Dr. Julien Musolino is an Associate Professor in the Department of Psychology and the Center for Cognitive Science at Rutgers University. He received his Ph.D. in 1998 from the University of Maryland and held appointments at the University of Pennsylvania and Indiana University before moving to Rutgers in 2007.
Dr. Musolino specializes in the psychology of language and he is the director of the Psycholinguistics Laboratory at Rutgers University. More broadly, he has a deep interest in science, its history, and the public understanding of science. He is currently writing a popular science book entitled The Emperor’s New Soul (click here to listen to an interview) in which he argues that the notion of soul that most people in America believe in corresponds to a set of scientific hypotheses and that modern science gives us every reason to believe that human beings do not have souls. Dr. Musolino also gives public lectures on these topics, most recently in Geneva, Switzerland (Musolino interview).
Dr. Daniel Ogilvie
Dr. Daniel Ogilvie is a retired professor from in the Department of Psychology at Rutgers University. He received his BA (1961) and Ph.D. (1967) at Harvard University where he also taught until 1970 when he accepted a faculty position at Livingston College, which, at the time, was a new campus of Rutgers New Brunswick.
His research has been primarily in the area of personality psychology. He has studied human motivation, developed methods of representing people’s working models of themselves, and has drawn attention to the concept of the “undesired self” by demonstrating that it is a more potent marker for self-evaluation than is the more popular concept of the “ideal self”. Near the end of his career he designed and co-taught a popular undergraduate course at Rutgers on the causes and consequences of people’s beliefs about the soul and its survival after the death of the body. He is currently writing about that topic and gave a TED talk on soul and afterlife beliefs in March, 2013.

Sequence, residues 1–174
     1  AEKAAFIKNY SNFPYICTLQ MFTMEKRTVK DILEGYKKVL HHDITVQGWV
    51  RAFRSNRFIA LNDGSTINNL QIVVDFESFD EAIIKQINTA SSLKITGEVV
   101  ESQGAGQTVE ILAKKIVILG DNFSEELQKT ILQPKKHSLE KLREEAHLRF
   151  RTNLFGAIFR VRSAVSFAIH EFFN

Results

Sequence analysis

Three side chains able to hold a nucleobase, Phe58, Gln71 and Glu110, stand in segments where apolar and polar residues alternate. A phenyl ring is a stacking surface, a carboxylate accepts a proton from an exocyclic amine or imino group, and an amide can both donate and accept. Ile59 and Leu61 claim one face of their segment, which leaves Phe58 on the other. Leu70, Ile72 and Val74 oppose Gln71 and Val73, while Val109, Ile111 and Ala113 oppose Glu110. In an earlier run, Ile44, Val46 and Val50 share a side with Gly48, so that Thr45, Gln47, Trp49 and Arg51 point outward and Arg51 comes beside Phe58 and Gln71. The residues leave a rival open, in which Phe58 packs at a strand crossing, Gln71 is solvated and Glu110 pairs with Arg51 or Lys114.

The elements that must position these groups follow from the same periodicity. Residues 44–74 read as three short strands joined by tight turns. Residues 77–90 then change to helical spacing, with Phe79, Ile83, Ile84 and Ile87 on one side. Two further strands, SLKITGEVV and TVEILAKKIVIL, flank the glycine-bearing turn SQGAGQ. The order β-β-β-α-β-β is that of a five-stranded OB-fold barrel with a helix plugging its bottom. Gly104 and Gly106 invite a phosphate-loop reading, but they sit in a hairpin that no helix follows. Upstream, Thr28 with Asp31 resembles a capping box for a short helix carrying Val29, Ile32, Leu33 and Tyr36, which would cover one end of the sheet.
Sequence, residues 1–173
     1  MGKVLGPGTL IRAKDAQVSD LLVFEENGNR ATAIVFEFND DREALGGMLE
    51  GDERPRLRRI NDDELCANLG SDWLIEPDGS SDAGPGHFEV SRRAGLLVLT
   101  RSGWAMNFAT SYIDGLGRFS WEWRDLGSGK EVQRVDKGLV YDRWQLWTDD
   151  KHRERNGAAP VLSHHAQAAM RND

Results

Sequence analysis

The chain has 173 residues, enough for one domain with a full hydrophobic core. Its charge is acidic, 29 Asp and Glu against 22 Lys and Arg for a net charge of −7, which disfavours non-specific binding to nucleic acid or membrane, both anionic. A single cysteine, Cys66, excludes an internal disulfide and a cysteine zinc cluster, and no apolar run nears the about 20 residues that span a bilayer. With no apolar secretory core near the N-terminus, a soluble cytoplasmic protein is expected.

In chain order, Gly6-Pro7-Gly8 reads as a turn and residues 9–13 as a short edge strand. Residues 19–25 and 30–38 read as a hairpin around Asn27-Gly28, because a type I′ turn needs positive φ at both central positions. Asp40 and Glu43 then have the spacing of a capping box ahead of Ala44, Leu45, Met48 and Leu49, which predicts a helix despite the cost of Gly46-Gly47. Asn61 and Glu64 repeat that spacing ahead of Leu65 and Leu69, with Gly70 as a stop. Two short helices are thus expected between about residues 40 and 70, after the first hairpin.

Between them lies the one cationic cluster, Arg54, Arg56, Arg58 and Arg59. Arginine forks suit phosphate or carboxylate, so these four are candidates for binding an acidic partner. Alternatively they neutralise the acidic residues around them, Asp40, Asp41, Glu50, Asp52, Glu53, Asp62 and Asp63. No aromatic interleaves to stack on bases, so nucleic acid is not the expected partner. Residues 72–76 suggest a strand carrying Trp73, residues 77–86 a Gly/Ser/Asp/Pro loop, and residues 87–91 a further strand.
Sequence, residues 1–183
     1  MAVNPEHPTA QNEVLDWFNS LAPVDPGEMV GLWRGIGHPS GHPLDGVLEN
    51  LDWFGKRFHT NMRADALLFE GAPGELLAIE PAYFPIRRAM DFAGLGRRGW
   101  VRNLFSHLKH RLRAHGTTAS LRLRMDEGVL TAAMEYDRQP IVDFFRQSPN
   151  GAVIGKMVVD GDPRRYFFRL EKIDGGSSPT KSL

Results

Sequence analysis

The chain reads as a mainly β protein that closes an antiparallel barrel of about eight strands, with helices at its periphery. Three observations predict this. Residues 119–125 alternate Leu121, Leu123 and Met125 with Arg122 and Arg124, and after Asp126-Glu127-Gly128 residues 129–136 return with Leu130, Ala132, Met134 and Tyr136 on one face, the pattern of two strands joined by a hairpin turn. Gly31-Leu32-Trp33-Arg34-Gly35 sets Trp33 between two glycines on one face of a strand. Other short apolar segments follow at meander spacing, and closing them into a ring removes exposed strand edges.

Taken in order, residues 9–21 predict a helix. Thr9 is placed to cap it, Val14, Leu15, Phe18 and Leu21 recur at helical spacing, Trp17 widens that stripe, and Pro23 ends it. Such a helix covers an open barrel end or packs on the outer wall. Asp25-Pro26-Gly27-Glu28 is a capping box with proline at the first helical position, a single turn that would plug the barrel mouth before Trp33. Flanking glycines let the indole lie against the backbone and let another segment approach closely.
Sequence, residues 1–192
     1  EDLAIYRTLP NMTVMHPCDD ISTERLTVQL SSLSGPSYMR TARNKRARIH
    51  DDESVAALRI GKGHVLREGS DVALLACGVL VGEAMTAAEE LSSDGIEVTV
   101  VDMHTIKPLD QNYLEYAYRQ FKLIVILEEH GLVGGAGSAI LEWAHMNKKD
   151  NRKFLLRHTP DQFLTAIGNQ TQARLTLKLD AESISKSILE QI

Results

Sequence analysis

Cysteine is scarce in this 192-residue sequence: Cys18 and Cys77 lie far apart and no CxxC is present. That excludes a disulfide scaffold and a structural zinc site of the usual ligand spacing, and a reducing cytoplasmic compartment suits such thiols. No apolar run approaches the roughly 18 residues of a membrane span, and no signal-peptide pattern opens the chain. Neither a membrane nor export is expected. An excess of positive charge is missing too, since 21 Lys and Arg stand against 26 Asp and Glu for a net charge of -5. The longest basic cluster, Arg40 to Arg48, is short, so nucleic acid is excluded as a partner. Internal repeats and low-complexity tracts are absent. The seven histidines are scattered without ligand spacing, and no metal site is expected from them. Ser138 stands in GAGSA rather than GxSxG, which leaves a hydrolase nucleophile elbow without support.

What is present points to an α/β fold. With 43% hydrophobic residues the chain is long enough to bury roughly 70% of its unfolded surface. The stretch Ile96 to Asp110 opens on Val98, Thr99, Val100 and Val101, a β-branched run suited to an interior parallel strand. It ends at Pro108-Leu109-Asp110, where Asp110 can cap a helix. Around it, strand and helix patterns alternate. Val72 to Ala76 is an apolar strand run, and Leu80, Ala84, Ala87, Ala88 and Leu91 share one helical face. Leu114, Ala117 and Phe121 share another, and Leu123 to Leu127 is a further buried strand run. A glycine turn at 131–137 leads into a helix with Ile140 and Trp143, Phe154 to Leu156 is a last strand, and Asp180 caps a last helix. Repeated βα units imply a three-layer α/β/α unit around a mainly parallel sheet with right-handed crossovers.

Dr. Frank Popper
Frank J. Popper teaches land-use planning and its political and cultural implications in the Bloustein School of Planning and Public Policy at Rutgers University, where he also participates in the American Studies, Geography and Political Science Departments and the School of Arts and Sciences’ Honors Program. He teaches regularly with his wife Deborah E. Popper (Rutgers MA, ’87; PhD, ’92), a geographer at the College of Staten Island/City University of New York, in the Environmental Studies Program at Princeton University.
Together the Poppers do research on the American frontier, Great Plains, Midwest, New England and South; shrinking cities; Locally Unwanted Land Uses (or LULUs); and economic theory. They originated the Buffalo Commons as a concept for the land-use, environmental and natural-resource future of the American and Canadian Great Plains, and the idea has been widely influential. Anne Matthews’ book about the Buffalo Commons, “Where the Buffalo Roam” (1992), was one of four finalists for the 1993 Pulitzer Prize for nonfiction. Click here to hear Professor Popper discuss some of his research on important recent changes in American Growth.